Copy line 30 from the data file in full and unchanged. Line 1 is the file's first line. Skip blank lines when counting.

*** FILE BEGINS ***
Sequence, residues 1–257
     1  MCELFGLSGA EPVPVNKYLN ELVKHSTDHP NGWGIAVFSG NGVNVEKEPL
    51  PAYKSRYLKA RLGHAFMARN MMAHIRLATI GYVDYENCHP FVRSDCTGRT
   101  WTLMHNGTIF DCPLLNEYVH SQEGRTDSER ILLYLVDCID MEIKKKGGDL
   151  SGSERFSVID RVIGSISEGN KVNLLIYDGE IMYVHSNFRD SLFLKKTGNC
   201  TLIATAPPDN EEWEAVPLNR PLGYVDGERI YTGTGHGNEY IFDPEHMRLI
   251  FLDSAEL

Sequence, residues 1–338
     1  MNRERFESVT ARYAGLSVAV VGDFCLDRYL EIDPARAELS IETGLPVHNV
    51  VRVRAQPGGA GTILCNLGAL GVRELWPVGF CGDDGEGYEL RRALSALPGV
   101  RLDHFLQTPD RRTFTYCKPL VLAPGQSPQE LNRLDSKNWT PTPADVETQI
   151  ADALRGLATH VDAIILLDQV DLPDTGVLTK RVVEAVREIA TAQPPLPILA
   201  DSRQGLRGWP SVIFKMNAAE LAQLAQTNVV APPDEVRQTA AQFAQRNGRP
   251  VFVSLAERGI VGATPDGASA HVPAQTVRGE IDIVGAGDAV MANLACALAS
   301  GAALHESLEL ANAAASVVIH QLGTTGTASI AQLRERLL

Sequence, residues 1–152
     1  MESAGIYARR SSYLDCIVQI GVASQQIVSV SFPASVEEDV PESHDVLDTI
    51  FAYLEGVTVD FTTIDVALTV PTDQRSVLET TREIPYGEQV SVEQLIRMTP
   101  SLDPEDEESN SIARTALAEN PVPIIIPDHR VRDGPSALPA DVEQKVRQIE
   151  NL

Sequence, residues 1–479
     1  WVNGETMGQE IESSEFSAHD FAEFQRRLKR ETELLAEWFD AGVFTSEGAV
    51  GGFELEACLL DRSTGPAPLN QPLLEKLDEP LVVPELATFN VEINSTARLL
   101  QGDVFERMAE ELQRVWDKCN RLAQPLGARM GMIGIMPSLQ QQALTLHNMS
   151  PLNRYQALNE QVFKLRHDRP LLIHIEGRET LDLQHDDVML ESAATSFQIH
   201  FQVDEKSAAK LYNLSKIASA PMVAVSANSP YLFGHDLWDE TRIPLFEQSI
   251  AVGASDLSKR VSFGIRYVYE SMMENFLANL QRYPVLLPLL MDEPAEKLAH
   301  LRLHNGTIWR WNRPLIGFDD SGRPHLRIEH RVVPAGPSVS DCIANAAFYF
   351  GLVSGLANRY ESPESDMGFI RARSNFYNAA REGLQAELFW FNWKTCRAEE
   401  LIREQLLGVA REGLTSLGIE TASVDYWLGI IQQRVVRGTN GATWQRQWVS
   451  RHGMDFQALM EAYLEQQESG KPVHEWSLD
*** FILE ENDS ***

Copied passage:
   401  LIREQLLGVA REGLTSLGIE TASVDYWLGI IQQRVVRGTN GATWQRQWVS